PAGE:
Tuesday, 8 November 2011

I am a great fan of physics… Math to me is cold and without stories, but physics… Physics can be hot, it can be cunning, it can be challenged and people love to do that every day. There is dancing and color seeping through almost every crack.  Physics is where you just got to get the simple numbers right and the universe will do the rest.
         Not unlike to a somewhat confused Dr. Jung, numbers to me don’t make much sense. They exist, they interact when forced to, they are an excellent way of communicating between ambitions, but to me they serve no purpose. Standalone, they are like solitude atoms in a void, solitude bones in a depot, like Lego parts long lost and washed ashore on some cold beach. Only when applied to real life – which is within physics – do they come alive. To me that is excellent, it is grand. There have been times when I would stare ages on end at a demonstration of a physical law. Fractal science notwithstanding, I never stared at a mathematical formula by anything other than impotent frustration over a high-school test.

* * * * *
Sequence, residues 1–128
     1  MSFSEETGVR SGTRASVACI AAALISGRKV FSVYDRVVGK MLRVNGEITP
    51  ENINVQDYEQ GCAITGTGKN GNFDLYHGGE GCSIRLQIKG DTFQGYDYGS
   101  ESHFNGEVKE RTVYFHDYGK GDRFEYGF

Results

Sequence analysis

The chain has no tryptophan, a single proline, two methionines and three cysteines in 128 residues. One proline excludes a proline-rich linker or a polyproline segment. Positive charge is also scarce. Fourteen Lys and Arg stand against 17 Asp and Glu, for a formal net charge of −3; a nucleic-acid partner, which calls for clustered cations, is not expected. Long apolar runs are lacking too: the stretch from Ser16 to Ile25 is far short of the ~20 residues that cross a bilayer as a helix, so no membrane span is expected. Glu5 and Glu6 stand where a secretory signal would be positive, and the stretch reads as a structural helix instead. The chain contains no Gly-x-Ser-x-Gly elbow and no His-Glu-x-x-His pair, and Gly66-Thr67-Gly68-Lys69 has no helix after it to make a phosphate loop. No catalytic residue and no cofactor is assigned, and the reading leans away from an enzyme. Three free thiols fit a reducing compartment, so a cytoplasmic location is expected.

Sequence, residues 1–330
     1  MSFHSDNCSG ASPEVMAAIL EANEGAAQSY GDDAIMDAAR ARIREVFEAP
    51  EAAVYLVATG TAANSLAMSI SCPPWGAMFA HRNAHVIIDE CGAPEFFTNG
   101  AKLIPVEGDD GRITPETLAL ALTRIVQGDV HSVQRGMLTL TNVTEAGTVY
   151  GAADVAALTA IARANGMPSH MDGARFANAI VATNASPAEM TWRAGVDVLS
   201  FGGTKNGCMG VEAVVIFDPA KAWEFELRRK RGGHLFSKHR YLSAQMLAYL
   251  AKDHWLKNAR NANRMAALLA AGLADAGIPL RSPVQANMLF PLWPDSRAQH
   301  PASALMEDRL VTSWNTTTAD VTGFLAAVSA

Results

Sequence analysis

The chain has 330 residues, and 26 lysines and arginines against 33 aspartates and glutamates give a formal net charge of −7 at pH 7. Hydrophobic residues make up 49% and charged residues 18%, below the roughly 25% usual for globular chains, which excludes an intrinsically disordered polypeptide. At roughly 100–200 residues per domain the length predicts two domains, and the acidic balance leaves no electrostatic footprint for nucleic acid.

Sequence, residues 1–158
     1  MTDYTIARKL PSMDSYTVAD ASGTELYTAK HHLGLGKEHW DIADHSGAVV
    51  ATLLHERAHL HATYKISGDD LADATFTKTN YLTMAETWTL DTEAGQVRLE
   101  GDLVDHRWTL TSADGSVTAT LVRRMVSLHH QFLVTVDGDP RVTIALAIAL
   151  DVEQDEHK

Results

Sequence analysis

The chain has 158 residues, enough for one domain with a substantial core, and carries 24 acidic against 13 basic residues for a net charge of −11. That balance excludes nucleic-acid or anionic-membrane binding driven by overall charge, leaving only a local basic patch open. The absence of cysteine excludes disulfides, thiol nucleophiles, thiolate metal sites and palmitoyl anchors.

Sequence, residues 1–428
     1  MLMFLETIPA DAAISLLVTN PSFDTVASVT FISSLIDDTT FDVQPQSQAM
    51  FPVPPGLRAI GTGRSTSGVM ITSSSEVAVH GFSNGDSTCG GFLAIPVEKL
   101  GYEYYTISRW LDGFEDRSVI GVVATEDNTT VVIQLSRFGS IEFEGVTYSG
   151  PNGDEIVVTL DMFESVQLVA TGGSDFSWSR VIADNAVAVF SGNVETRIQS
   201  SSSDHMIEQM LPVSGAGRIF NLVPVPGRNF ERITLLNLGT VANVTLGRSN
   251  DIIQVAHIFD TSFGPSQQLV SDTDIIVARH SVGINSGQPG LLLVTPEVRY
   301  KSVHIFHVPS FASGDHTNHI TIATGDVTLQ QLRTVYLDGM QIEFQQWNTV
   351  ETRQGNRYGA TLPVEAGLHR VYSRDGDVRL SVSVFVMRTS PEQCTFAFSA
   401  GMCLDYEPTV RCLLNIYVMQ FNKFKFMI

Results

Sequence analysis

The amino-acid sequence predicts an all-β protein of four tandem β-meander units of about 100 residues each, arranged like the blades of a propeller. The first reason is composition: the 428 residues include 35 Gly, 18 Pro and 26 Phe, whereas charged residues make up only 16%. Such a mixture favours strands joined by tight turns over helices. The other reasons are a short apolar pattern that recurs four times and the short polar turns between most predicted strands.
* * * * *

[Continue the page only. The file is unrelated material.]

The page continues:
Having long disproved ecological side of the Heisenberg Principle of Uncertainty, and figured it out how to measure the addition of buoyant mass within a bowl of water on a structure, I am now, still, curious to learn the practical differences between candela, lux and lumen. In my school fantasies, the teacher I hit on is always a physics professor. Ironically I barely ever had a decent one – I think only for one year among all my high schools (oddly prone to humanities instead) that I even had physics. I even considered going to university to study it, but math got in my way. During that year in my first high school, I had D minuses in math, if I studied really hard, and I had – and I was the only one in the entire class who did – had As in physics. Even now these practical sciences, avoiding greatly the drama of biology, chemistry and geopolitics, keep my brain happy when I am bored. I can be the atom who says to God: “Lemme try being an atom during a gas giant supernova. I’ve done the homework: I know what to do :D …”